The Court of Appeals initially dismissed the petition for want of a reviewable order, later reversing itself en banc upon argument by the Government that the FCC rule used here, which permits it to issue "a declaratory ruling terminating a controversy or removing uncertainty," 47 C.F.R. § 1.2, was in fact justified by the Administrative Procedure Act. That Act permits an adjudicating agency, "in its sound discretion, with like effect as in the case of other orders, to issue a declaratory order to terminate a controversy or remove uncertainty." § 5, 60 Stat. 239, 5 U.S.C. § 1004 (d). In this case, the FCC could have determined the question of Red Lion's liability to a cease-and-desist order or license revocation, 47 U.S.C. § 312, for failure to comply with the license's condition that the station be operated "in the public interest," or for failure to obey a requirement of operation in the public interest implicit in the ability of the FCC to revoke licenses for conditions justifying the denial of an initial license, 47 U.S.C. § 312 (a)(2), and the statutory requirement that the public interest be served in granting and renewing licenses, 47 U.S.C. § 307 (a), (d). Since the FCC could have adjudicated these questions it could, under the Administrative Procedure Act, have issued a declaratory order in the course of its adjudication which would have been subject to judicial review. Although the FCC did not comply with all of the formalities for an adjudicative proceeding in this case, the petitioner itself adopted as its own the Government's position that this was a reviewable order, waiving any objection it might have had to the procedure of the adjudication.
Not long after the Red Lion litigation was begun, the FCC issued a Notice of Proposed Rule Making, 31 Fed. Reg. 5710, with an eye to making the personal attack aspect of the fairness doctrine more precise and more readily enforceable, and to specifying its rules relating to political editorials. After considering written comments supporting and opposing the rules, the FCC adopted them substantially as proposed, 32 Fed. Reg. 10303. Twice amended, 32 Fed. Reg. 11531, 33 Fed. Reg. 5362, the rules were held unconstitutional in the RTNDA litigation by the Court of Appeals for the Seventh Circuit, on review of the rule-making proceeding, as abridging the freedoms of speech and press. 400 F.2d 1002 (1968).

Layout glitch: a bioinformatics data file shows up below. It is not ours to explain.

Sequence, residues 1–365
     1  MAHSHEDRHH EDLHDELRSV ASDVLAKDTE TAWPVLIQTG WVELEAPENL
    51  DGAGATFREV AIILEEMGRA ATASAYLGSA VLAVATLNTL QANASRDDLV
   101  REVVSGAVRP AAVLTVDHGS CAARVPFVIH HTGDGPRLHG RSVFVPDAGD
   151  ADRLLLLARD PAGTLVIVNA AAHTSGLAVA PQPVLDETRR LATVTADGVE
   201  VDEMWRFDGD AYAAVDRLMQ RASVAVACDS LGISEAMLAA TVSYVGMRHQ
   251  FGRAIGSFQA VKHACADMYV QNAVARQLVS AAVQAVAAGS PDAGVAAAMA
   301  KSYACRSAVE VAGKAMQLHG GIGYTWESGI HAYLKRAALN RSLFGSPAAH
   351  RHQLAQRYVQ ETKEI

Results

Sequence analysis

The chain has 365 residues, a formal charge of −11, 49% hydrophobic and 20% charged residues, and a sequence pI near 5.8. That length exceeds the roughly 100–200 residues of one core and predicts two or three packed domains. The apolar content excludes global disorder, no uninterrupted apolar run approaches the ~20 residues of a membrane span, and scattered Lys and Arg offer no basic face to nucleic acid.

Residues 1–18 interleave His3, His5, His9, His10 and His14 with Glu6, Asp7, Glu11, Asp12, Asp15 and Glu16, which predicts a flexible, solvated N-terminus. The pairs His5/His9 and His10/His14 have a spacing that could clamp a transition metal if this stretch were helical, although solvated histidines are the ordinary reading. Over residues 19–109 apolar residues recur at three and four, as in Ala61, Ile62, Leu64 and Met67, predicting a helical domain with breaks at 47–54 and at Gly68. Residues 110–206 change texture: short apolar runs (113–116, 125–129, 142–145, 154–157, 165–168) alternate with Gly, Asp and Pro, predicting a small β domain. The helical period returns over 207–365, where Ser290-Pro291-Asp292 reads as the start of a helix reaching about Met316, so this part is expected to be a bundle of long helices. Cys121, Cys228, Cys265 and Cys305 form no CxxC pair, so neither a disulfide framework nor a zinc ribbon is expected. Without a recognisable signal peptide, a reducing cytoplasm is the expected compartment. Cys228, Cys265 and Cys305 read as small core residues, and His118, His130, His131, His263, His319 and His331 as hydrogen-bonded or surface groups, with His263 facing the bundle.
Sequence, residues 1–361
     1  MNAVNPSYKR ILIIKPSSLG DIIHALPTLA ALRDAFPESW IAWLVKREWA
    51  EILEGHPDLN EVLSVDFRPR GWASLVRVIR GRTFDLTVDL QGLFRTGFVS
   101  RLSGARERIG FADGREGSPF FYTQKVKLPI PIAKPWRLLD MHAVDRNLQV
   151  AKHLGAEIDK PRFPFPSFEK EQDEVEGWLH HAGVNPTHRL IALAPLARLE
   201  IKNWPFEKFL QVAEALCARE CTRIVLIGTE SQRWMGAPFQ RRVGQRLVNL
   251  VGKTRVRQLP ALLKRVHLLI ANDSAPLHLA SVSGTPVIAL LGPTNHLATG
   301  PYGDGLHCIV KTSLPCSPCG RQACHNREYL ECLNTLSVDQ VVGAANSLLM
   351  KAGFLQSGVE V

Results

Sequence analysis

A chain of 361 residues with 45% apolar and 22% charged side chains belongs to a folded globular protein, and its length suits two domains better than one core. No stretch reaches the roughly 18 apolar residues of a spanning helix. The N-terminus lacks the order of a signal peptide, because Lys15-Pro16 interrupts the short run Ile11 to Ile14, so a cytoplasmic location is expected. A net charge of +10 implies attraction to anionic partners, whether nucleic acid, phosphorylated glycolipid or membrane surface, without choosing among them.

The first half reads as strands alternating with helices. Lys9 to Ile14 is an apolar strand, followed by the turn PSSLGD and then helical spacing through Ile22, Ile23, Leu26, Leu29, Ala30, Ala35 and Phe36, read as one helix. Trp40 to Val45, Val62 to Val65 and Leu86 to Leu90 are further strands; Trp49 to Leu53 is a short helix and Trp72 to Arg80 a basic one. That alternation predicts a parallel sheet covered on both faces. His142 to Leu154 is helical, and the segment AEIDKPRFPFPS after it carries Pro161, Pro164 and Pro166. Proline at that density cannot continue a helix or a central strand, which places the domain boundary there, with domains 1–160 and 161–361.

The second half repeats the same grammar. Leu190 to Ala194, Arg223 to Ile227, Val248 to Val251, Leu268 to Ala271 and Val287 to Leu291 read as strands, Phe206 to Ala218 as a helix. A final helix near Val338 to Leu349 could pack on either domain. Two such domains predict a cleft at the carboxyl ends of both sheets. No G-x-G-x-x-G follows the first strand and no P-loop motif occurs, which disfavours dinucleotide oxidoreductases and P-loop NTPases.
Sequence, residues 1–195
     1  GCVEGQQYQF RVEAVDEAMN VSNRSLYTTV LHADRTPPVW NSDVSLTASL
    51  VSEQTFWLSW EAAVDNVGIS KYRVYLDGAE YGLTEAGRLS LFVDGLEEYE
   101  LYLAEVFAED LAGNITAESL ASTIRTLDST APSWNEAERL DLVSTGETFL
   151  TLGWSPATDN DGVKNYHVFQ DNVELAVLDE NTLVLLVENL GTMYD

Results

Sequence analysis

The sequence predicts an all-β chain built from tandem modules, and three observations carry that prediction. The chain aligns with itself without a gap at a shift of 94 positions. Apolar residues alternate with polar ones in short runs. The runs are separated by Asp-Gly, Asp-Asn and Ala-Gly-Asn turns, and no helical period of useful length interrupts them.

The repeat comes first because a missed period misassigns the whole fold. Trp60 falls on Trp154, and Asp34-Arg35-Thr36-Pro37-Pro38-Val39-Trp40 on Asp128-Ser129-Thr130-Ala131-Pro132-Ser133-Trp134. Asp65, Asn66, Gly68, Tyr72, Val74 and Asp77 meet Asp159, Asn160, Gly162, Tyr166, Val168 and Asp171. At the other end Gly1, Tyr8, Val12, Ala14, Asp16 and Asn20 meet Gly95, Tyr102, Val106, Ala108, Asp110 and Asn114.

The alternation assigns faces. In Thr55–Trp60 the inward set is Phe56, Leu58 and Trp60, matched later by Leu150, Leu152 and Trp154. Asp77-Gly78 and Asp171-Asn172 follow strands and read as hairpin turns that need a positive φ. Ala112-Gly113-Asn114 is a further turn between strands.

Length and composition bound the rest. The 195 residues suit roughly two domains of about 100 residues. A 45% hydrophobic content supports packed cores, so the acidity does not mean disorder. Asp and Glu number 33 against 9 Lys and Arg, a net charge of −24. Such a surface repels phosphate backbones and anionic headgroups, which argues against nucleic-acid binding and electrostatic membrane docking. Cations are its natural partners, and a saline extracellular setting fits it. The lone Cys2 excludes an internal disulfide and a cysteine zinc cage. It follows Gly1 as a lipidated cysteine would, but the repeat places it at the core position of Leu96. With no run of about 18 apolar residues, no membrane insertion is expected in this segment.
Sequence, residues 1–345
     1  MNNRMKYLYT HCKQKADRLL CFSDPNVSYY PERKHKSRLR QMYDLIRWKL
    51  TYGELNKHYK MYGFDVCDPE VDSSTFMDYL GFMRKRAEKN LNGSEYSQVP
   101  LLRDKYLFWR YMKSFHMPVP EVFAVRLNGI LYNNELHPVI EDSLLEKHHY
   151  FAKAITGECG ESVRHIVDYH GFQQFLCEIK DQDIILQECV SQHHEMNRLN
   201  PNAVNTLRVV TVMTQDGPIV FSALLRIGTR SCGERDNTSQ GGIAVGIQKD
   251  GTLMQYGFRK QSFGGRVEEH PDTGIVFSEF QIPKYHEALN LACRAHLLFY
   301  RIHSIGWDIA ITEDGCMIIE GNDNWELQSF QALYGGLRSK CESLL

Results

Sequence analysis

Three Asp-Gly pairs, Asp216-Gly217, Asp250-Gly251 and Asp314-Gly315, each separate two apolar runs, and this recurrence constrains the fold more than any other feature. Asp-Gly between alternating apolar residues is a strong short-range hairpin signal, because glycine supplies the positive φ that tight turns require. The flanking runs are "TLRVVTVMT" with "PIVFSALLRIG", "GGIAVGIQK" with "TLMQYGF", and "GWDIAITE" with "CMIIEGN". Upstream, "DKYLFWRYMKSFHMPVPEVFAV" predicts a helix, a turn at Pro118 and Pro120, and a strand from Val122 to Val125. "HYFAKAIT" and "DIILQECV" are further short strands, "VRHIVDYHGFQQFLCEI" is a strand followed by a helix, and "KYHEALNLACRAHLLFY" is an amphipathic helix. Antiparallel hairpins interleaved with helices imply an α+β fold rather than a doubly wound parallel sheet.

As they now stand amended, the regulations read as follows:
"Personal attacks; political editorials.
"(a) When, during the presentation of views on a controversial issue of public importance, an attack is made upon the honesty, character, integrity or like personal qualities of an identified person or group, the licensee shall, within a reasonable time and in no event later than 1 week after the attack, transmit to the person or group attacked (1) notification of the date, time and identification of the broadcast; (2) a script or tape (or an accurate summary if a script or tape is not available) of the attack; and (3) an offer of a reasonable opportunity to respond over the licensee's facilities.
"(b) The provisions of paragraph (a) of this section shall not be applicable (1) to attacks on foreign groups or foreign public figures; (2) to personal attacks which are made by legally qualified candidates, their authorized spokesmen, or those associated with them in the campaign, on other such candidates, their authorized spokesmen, or persons associated with the candidates in the campaign; and (3) to bona fide newscasts, bona fide news interviews, and on-the-spot coverage of a bona fide news event (including commentary or analysis contained in the foregoing programs, but the provisions of paragraph (a) of this section shall be applicable to editorials of the licensee).